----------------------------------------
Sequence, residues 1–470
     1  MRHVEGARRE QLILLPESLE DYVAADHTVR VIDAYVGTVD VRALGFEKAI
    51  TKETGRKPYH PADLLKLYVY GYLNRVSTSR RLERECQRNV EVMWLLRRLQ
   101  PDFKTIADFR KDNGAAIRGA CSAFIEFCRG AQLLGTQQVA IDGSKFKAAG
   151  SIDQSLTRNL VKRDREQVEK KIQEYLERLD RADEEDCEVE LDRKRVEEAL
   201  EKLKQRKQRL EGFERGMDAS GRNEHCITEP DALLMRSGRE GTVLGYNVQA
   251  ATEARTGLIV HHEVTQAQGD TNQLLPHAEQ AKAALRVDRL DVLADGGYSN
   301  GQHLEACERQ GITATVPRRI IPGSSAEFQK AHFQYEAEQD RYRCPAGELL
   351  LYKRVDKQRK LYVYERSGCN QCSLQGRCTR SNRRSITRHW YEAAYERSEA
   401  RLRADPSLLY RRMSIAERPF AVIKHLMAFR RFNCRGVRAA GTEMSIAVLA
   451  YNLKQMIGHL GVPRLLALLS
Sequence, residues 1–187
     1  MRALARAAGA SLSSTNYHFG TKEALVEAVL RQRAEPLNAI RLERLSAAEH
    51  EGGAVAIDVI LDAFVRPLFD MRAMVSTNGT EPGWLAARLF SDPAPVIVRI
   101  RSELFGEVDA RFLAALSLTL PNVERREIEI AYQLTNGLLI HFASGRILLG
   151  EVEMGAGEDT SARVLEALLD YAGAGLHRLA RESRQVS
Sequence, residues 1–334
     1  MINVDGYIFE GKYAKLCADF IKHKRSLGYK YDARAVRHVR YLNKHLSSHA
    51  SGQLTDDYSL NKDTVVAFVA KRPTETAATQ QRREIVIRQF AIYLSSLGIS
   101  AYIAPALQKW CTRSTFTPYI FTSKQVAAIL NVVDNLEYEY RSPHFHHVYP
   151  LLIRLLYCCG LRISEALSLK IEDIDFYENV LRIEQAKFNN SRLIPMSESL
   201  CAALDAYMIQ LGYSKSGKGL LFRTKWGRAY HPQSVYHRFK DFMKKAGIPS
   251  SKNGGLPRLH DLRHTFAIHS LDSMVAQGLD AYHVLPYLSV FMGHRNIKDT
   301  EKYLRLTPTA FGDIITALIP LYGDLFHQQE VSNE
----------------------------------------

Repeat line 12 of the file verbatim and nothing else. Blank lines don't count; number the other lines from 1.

Sequence, residues 1–187